We’ve raised a $4.4M seed fund from Accel and Together Fund. 🎉 Read TechCrunch article here

The Complete Guide to PPC Management

Pareto PPC

February 3, 2022

Share now

PPC (Pay per click) is an advertising model in which advertisers pay each time someone clicks on their ad.

It is one of the most popular forms of online marketing and has become the preferred method of many marketers. It allows them to target only those users who are looking for goods/services using specific keywords.

There are many platforms that offer PPC advertising, but the main ones are Google Ads, Bing Ads, and Facebook Ads. Over the past several years, these platforms have emerged as the most popular destinations for online advertising, especially Google and Facebook since they have more traffic.

They are quite distinct in their own right, but one common characteristic they all share is that advertisers bid for keywords.

Google Ads

Google Ads is the largest PPC platform in the world with millions of businesses using the ad platform.

Registering is very easy too. You can start working on Google Ads with any Google account. If you have a Google account, you can start with that. It also provides powerful tools for managing your campaigns, analyzing your data, and optimizing your advertising dollars – all within the platform.

Bing Ads

Bing Ads is Microsoft’s own advertising platform which currently accounts for more than 14% of all US digital ad revenue (5th largest), making it a serious player in the space.

The way Bing ads work is very similar to Google Ads in that you bid on keywords. You bid on the keywords you want your ad to show up for and then set a budget to start the ads.

Facebook Ads

Facebook Ads is currently the 2nd largest PPC platform, with millions of ad accounts. The great thing about Facebook Ads is that businesses can target their ideal customers based on their interests, demographics, and even their past behavior on Facebook.

It also provides advertisers with highly detailed reports about their ad campaigns through the Facebook Analytics tool. The tool makes it easy for marketers to know who saw their ads, what people liked or engaged with most in their posts, and whether specific ads are performing better than others.

Understanding PPC Terms and Definitions

As we continue, we will use a lot of abbreviations and acronyms. To make it easier for you to understand, we have compiled a list of the most commonly used PPC terms to get you started:

  • Ad Rank – The position of your ad on the search engine results page (SERP). The higher your ad rank, the more likely you are to get clicked.
  • CPC (Cost Per Click) – The amount you pay each time someone clicks on your ad.
  • CPM (Cost Per Thousand Impressions) – The amount you pay for every 1,000 times your ad is displayed.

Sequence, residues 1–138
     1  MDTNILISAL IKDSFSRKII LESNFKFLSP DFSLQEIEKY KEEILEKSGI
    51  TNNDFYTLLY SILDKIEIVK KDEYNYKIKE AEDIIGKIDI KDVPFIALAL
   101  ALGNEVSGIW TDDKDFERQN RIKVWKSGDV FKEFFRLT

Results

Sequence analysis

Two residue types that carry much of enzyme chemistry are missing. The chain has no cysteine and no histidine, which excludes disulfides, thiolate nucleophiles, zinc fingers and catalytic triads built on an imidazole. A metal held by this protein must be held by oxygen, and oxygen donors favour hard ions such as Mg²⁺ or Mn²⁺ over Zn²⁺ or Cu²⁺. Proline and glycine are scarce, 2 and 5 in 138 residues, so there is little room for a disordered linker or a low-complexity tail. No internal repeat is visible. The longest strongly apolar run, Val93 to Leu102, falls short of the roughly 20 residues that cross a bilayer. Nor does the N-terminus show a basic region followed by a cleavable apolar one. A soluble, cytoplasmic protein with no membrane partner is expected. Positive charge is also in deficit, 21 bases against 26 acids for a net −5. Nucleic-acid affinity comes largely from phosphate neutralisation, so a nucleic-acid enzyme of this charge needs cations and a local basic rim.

• Keyword Match Type – Specifies how closely your keyword should match what someone is searching for in order to trigger your ad.
  • Bidding – The act of setting the maximum amount you’re willing to pay for a click on your ad.
  • Positioning – Determines where your ad will appear on the page, relative to other ads.
  • CPC (Cost-Per-Click) – The average amount you’ve paid each time someone clicks on your ad.
  • CTR (Click-Through-Rate) – The percentage of people who clicked on the ad.
  • Quality Score – A metric used by Google Ads that measures how relevant your ad is to the keywords it’s targeting, as well as the quality of your website landing page.
  • Geographical Targeting – Allows advertisers to target their ads to people in particular locations, usually done through IP geolocation.
  • Device Targeting – Lets advertisers advertise on mobile devices or desktop computers, depending on their ad objectives.
  • Ad Extensions – The extra features you can add at the top of each ad that provides more information about your business, such as links for directions/hours, phone numbers, etc.
  • Ad Text – The ad copy that appears directly on the search engine results page.
  • ROI (Return On Investment) – The amount of money you make from your ad campaigns, minus the amount you’ve spent on them.
  • ROAS (Return On Ad Spend) – A performance measure used by most PPC platforms that tells you how much money you’ve made from a specific ad campaign, divided by the amount you spent on it.

Why PPC Marketing Is So Popular

The biggest reason PPC marketing is  so popular is that it’s extremely effective. When your business decides to spend the time and money on a PPC campaign, you can really see a difference in sales for a pretty low cost.

This makes it much easier for businesses to return a sizable profit from their investment since people have already shown an interest in what they have to offer.

Here are a few more reasons…

1. PPC Contributes to Business Goals

One of the main reasons businesses turn to PPC marketing is because it contributes directly to their overall business goals. Whether you’re looking to increase brand awareness, website traffic, or sales, PPC can help you achieve those goals efficiently and effectively.

2. PPC Is Measurable

Unlike other forms of marketing such as PR, PPC is highly measurable. This means that businesses can track every single penny they spend. They can track how much money is being spent on each campaign, how many clicks they’re receiving, and which ads are performing the best.

This data can then be used to make informed decisions about where to allocate future budgets and improve ad campaigns accordingly.